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And I was there for the opening last night!
It’s In Masks Outrageous and Austere, which Tennessee worked on from 1978 to 1983 (the year he died), providing multiple, unfinished drafts which have been cobbled together for this sleek, theatrical production.
Shirley Knight plays a faded, decadent belle named Babe who is losing her sight thanks to cataracts, glaucoma, and having misplaced her glasses. (How’s that for heavy symbolism, three times over?)
Her young husband–who is, oxymoronically enough a “distinguished minor poet”–has found a male lover, so Babe busies herself with a couture-wearing matron with a mentally afflicted son in a slicker, a petulant dwarf, a growling black man, and of course the Secret Service-like guards confining her to the netherworld she’s been abducted to. (In her Verve Cliquot haze, she thinks it might be Canada. It’s not.)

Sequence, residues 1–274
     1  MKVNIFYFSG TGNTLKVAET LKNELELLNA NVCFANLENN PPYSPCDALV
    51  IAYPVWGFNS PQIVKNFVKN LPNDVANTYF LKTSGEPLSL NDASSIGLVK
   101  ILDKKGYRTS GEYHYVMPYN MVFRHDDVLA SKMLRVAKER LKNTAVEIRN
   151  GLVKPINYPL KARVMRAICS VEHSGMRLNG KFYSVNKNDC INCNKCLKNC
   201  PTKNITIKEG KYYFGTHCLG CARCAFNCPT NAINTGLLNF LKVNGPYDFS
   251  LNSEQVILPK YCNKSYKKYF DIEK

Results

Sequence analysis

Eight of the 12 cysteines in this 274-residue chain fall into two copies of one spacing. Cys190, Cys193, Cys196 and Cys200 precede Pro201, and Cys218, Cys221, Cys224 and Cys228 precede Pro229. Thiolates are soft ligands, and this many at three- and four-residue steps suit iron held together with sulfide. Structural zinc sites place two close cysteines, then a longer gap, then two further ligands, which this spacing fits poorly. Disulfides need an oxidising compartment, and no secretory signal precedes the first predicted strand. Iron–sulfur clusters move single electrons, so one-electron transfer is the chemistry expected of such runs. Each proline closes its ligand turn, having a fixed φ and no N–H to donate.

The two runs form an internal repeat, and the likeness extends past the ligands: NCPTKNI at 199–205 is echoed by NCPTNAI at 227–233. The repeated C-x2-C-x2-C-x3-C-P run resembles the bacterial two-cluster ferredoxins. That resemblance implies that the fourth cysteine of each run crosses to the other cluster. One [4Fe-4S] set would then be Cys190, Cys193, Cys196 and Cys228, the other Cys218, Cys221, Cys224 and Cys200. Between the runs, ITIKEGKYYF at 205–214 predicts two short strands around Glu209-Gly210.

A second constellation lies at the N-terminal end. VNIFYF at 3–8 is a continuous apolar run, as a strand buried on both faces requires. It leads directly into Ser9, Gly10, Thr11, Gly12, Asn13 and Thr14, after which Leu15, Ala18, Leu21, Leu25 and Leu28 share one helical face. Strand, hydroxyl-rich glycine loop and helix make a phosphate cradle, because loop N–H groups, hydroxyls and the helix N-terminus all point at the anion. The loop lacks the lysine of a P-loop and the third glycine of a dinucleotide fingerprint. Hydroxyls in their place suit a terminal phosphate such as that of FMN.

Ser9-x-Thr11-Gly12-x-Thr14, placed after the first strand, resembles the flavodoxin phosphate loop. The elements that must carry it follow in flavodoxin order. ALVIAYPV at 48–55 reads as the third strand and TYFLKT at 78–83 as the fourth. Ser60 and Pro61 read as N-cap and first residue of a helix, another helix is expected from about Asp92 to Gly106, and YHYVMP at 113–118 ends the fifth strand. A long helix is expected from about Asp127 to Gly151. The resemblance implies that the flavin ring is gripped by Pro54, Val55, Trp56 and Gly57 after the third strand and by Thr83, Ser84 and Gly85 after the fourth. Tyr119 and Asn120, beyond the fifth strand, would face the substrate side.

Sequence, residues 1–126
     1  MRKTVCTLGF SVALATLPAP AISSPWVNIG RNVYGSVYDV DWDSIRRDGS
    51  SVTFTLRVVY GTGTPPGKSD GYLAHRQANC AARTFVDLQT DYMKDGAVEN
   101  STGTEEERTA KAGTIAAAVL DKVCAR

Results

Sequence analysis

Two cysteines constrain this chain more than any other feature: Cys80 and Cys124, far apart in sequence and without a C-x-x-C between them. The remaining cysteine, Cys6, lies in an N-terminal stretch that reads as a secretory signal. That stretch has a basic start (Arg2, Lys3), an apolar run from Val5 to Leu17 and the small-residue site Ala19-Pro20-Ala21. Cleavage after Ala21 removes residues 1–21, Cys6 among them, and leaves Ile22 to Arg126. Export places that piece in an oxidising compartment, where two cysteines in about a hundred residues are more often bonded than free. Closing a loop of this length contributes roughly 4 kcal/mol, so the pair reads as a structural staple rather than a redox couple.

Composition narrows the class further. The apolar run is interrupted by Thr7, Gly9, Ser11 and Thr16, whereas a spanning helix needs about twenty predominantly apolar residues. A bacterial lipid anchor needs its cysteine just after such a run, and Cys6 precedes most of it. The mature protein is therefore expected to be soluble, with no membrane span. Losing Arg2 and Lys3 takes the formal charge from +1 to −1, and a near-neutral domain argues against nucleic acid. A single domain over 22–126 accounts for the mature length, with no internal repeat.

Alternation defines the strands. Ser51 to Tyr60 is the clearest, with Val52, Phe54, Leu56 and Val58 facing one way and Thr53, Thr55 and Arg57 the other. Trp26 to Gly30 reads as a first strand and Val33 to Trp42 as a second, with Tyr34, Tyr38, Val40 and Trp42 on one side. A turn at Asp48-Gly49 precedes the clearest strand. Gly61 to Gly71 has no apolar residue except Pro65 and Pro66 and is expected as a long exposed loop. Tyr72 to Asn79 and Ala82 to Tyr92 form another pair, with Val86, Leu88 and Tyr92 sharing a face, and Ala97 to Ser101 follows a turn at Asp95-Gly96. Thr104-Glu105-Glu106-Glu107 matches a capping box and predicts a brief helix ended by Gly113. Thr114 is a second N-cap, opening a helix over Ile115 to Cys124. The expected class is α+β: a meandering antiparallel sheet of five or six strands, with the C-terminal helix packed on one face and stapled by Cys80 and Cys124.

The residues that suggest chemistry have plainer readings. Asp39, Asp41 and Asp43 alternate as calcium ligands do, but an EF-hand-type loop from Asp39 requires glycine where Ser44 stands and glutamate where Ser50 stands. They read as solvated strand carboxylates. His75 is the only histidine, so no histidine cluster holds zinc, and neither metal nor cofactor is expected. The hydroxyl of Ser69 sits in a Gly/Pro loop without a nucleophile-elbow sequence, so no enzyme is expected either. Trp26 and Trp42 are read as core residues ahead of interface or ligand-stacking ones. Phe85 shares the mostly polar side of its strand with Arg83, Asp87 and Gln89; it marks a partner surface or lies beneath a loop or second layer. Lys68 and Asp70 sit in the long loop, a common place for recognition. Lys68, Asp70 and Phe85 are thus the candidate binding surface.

It’s all very Tennessee Williams, but even talkier, more florid, and more out there and paranoid than usual.
At the party, director David Schweizer told me he met Williams in 1970, and he’s now the age Williams was when they met, so this production seems like destiny for him.
About Williams, he said: “He worked every day, no matter how looped. He was like a tank–he worked no matter what.”
And the playwright’s own view of Masks?
“[There’s] a great deal of poetry in it,” he once said, also calling it “extremely funny,” and “bizarre as hell.”
Sounds like no matter how tipsy, he really knew himself.